The real estate market in Ontario largely pauses while schools send their students off for March break, but the end of the holiday is likely to bring a crop of new listings in cities around the province.
In Barrie, Ont., the market is reaching balanced territory as buyers begin to move off the sidelines, says Shawna Toole, a real estate agent with Right at Home Realty.
She notes that sales and prices have started to edge up again.
In Barrie and Simcoe County, home sales dropped 43.4 per cent in February to 371 compared with the 656 transactions recorded in February, 2022, according to the Barrie & District Association of Realtors.
Months of inventory rose to 3.9 in February from 0.8 in the same month last year. The average price in February was $762,485, which marks a 24.6 per cent decline from the average price of $1,011,031 recorded at the peak in the same month last year.
Looking at just the City of Barrie, sales tumbled 50 per cent in February to 129 from 258 in February of last year.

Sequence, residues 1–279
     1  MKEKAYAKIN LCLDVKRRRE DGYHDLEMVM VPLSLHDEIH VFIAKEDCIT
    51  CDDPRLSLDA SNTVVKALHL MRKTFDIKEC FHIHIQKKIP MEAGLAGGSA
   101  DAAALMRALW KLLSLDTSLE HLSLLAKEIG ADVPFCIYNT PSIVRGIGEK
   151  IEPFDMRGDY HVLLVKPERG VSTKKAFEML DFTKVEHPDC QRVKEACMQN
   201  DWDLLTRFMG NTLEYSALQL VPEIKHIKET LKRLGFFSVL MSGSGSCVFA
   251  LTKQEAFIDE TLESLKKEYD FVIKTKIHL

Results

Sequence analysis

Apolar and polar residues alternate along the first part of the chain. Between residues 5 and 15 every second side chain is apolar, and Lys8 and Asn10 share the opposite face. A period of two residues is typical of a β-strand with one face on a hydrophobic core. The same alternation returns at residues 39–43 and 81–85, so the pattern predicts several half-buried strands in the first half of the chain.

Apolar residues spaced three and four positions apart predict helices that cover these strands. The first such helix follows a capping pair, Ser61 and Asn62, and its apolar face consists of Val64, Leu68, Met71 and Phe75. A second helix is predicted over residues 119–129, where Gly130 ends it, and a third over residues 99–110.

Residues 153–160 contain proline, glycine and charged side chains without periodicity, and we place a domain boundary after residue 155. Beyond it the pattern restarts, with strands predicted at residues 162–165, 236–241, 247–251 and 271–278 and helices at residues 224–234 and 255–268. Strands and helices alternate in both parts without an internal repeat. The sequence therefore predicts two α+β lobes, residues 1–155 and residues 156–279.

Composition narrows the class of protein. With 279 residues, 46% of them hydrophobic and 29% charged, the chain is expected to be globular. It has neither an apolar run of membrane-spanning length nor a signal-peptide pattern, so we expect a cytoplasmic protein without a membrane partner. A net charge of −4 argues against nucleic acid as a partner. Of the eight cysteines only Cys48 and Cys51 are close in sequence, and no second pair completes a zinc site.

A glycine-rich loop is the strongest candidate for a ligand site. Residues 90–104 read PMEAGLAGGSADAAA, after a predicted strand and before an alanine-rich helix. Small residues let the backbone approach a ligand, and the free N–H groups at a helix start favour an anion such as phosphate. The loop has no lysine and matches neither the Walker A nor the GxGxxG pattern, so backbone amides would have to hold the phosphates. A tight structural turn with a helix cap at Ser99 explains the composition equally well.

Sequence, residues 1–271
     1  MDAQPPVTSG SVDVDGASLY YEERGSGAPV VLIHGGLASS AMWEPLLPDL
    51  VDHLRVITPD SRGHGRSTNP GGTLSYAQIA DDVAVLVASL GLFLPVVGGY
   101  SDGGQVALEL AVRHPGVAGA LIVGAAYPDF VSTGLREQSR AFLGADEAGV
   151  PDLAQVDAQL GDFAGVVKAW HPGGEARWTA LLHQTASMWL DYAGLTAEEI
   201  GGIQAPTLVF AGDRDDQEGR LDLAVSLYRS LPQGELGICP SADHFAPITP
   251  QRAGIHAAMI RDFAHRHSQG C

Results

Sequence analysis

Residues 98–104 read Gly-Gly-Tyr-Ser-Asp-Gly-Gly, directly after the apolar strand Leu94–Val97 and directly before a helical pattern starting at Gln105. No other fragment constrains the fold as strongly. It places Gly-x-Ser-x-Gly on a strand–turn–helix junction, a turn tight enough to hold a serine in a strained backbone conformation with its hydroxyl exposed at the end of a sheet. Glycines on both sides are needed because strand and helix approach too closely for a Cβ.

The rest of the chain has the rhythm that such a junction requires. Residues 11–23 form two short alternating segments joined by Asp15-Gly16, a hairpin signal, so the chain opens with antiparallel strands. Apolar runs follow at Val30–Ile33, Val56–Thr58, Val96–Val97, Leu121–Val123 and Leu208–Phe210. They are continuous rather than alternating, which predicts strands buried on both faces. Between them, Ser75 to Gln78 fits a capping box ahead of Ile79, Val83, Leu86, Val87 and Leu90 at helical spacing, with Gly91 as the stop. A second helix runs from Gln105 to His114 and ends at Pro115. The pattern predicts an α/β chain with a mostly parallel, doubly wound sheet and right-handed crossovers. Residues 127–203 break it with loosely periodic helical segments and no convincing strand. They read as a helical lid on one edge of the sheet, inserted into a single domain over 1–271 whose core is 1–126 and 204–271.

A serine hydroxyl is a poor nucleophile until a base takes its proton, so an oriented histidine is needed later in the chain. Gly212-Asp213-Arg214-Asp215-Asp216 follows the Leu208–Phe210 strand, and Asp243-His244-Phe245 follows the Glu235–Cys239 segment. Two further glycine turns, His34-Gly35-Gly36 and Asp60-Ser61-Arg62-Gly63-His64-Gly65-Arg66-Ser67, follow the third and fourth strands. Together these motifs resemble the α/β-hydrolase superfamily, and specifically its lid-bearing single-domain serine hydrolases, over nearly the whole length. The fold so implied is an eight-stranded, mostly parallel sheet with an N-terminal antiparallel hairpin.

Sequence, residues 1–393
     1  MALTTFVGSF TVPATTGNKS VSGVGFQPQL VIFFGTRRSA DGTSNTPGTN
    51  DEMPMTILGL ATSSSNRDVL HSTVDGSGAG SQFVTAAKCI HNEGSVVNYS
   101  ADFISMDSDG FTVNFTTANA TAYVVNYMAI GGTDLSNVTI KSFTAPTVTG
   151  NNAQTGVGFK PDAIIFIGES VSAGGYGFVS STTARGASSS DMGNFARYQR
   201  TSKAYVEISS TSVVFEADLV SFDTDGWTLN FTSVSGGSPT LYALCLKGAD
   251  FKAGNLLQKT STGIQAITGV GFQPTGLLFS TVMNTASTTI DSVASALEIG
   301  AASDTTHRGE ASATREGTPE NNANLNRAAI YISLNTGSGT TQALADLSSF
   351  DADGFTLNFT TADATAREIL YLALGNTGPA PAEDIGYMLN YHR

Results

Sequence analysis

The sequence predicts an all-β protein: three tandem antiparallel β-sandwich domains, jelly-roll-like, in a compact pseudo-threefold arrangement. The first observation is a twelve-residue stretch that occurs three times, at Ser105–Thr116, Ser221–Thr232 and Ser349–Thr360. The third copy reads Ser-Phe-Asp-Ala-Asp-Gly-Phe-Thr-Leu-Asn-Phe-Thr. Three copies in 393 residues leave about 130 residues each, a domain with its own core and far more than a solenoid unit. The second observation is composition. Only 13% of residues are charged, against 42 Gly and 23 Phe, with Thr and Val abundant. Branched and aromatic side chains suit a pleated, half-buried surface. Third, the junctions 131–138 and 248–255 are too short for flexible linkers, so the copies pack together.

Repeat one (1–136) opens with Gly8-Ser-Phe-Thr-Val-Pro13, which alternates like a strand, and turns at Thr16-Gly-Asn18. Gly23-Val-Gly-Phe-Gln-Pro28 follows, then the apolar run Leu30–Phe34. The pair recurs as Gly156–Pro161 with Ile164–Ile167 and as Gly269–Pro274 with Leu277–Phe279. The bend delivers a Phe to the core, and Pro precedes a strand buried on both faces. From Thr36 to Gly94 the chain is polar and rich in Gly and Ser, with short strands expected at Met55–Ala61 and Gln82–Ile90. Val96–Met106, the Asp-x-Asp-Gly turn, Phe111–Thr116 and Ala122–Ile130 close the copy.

Sales in Barrie became more tilted towards a buyers’ market after the Bank of Canada began raising interest rates in March, 2022.
The city about one hour north of Toronto also saw one of the most dramatic run-ups in prices during the pandemic as people from around Ontario migrated to the shore of Lake Simcoe. Barrie was especially popular because it offers plenty of opportunity for outdoor recreation and easy access to cottage country.
“I feared for people,” Ms. Toole says of the buying spree during the pandemic. “You’re going to spend $150,000 over ask for this already over-priced house? Things were just getting way out of hand.”
Ms. Toole says some Barrie residents sold at the peak and then decided to rent for a while, move into a trailer, or head south for a few months. Now some are returning to the market to buy. Others are first-time buyers.